Building from a Reggae Base, Higher Education Gives an Energetic and Powerful Performance at The Melody Inn.
If there’s one word to describe a meeting with Petey (otherwise known as Peter Devaney), it’s intense. That’s the impression that’s bound to stick with you as you talk to the man. His gaze never quite leaves yours, he never seems to blink as he talks a mile a minute. Hell, even his laughter is intense.
“I’m always pushing the envelope” he says. “If you’re not pushing the envelope you’re basically dead as an artist.” It’s a quote he attributes to Bowie (David, not Jim). Pushing the envelope certainly describes both Peety and Higher Education. While they may not be redefining popular music in the same way that Captain Beefheart or Patti Smith did, they still have a hell of an innovative streak. At the very least, they have an approach to reggae that hasn’t been tried since Bad Brains. More importantly it’s an approach they take without ever trying to be Bad Brains. Imitation is the sincerest from of flattery after all, but it’s also a dead end.
But I’m getting ahead of myself, I’d imagine that most of you are here to read about the show, right?
Well too bad, I’m giving you a brief history lesson first weather you like it or not.
A Brief History
According to Petey, Higher Education really began when he took in a Wailers concert. With some, ahem, chemical enhancement, Petey had a vison of reggae music acting as a sort of canvas. A canvas to which he could apply other genres as though they were paint. Armed with that vision, he and the other members of Higher Education set out to make that dream a reality.
Ok, history lesson over.
So, without further ado…
You remember what I said about intensity in the opening paragraph, right? Well, that certainly carries over into Higher Education’s performance style as well. It isn’t just they way they play either, many of the genres that they merge with reggae tend to be of the harder-edged variety, such as punk or hard rock. The result is a very powerful, very driving sound that is pretty much impossible to ignore. Even when they’re not playing literally 15 feet away from you.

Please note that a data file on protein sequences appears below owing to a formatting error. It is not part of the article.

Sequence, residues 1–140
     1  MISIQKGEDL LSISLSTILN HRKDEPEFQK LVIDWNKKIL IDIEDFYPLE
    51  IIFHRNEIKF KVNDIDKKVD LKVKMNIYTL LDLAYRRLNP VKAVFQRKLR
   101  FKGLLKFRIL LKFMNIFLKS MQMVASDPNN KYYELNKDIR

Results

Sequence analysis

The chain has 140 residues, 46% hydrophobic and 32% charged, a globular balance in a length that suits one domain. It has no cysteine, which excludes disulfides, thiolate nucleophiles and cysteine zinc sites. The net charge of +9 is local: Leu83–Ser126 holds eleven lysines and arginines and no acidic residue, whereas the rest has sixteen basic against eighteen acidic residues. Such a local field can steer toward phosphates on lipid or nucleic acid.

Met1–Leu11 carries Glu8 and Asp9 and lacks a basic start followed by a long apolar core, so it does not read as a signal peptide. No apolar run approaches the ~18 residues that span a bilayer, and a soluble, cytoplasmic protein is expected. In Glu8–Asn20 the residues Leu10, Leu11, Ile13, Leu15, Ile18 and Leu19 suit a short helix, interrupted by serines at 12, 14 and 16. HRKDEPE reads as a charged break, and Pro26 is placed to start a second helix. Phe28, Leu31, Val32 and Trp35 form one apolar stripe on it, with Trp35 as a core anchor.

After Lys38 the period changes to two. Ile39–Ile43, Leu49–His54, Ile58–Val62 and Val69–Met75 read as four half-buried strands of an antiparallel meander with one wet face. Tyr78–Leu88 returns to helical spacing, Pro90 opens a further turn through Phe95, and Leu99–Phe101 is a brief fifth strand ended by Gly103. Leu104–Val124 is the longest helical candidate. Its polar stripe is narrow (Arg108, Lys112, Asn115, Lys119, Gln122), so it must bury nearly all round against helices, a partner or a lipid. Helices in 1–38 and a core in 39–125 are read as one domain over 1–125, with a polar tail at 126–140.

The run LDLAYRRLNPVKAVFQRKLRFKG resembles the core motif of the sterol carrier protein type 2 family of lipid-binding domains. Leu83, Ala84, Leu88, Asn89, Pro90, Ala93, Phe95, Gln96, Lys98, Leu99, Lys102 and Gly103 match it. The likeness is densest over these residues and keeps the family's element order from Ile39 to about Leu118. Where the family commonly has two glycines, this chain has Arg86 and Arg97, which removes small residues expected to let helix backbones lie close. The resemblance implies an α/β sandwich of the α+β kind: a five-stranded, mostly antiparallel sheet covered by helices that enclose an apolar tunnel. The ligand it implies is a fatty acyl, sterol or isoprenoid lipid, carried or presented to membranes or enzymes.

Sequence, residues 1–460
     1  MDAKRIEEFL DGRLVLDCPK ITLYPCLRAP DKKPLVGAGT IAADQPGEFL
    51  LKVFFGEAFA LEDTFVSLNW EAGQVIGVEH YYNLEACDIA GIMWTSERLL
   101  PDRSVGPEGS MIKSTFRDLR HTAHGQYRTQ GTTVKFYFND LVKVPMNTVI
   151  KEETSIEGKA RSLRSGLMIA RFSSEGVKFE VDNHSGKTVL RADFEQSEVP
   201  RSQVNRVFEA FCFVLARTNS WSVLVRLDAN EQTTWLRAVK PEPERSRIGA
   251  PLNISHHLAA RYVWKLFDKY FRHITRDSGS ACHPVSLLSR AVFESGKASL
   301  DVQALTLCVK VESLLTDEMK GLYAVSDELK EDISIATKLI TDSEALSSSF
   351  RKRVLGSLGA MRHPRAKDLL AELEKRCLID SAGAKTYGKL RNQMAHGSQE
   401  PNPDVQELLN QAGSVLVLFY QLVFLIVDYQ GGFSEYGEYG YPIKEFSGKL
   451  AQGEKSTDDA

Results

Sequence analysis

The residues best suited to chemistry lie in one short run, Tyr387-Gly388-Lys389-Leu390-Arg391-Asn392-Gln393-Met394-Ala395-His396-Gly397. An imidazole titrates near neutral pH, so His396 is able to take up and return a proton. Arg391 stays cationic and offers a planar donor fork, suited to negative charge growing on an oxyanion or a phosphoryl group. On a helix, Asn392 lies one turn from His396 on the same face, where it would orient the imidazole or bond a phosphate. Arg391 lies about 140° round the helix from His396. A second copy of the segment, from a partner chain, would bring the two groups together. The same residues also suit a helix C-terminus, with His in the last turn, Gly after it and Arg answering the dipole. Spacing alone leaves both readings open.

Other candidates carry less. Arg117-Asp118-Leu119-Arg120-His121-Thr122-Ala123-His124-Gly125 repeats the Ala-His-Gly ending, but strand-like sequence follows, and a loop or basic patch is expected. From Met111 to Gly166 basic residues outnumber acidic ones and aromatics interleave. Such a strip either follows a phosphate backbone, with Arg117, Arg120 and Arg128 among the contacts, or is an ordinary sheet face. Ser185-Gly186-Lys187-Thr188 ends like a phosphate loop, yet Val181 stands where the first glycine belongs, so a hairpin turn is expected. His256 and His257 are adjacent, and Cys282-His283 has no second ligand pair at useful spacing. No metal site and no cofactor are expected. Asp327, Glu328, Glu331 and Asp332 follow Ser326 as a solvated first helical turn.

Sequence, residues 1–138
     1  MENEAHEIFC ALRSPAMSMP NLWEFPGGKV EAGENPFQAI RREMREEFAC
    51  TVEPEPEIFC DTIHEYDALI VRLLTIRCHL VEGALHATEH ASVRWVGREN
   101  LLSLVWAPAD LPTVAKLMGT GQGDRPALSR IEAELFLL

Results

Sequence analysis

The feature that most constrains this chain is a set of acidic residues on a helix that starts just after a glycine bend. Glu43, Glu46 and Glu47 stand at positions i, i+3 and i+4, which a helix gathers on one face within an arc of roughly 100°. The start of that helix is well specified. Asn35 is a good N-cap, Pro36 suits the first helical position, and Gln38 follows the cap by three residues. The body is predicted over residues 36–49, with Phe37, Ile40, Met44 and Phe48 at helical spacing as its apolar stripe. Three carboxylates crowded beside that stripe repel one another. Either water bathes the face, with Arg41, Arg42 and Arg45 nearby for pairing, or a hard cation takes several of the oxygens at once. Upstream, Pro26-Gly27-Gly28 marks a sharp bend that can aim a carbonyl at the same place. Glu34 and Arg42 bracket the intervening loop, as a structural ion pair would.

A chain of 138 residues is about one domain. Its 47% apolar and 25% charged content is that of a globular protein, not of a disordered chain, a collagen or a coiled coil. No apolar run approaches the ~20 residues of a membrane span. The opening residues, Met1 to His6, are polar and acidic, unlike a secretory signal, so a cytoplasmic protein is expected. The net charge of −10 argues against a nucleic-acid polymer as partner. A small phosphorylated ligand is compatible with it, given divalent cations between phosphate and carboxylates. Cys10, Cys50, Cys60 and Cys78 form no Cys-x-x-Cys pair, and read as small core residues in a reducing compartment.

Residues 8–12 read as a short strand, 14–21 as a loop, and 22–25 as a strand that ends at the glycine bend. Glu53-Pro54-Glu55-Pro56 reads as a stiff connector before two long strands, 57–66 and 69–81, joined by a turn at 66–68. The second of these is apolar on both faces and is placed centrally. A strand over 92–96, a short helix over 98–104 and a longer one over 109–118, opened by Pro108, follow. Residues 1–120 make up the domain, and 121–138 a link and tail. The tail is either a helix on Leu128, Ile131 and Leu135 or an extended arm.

And don’t think for a moment that they disregard technique in favor of intensity. While their adoption of certain punk motifs might lead you to think otherwise, they have more than a few fancy tricks up their sleeves. Intricate solos, including one highly technical drum solo that bordered on jazz, alternating rhythms, these guys are busy onstage.
Speaking of busy, they also frequently feature multiple genres in the same song. In fact, one musical trick they often employed was to smoothly transition from reggae to the genre-de-jour, giving their songs a unique texture. If nothing else, it kept their songs from becoming too predictable. However, many other songs just took elements from reggae and other genres and merged them seamlessly into each measure. That way, nobody could accuse them of using the same trick one time to many. Which is good, since it is their avowed determination to avoid doing just that.
A Family Affair
When I asked Petey to tell me what differentiated his band from others like it, such as the Police, he had only one word for me: family. The band’s history certainly bears him out in his assertion. After all, not only is Petey’s brother in the band with him, but his father played a large part in creating Higher Education’s sound as well. Apparently the elder Devaney emphasized power as a way of creating a memorable presence on stage. As anybody at the Melody Inn on the night of the 22nd can attest, it worked. However, the theme of family seems to go even deeper than a father giving his input on his son’ project.
As we talk, Petey tells me proudly of his ancestor Alexander Henry, a Scottish immigrant who dared speak out against slavery in the antebellum south. Though he never outright says it, it’s clear that being a bit of a renegade runs in the family. This, of course, extends to Higher Education’s somewhat iconoclastic sound.
Did I like Higher Education? That’s the million dollar question, is it not? And the answer to that question is yes. Any quibbles I have with their sound or technique are trivial enough that I won’t even bother mentioning them. They have successfully used reggae as a base to build a broader, more innovative sound and have been very entertaining while doing so. And that is enough to endear them to me.
Keep listening, everybody.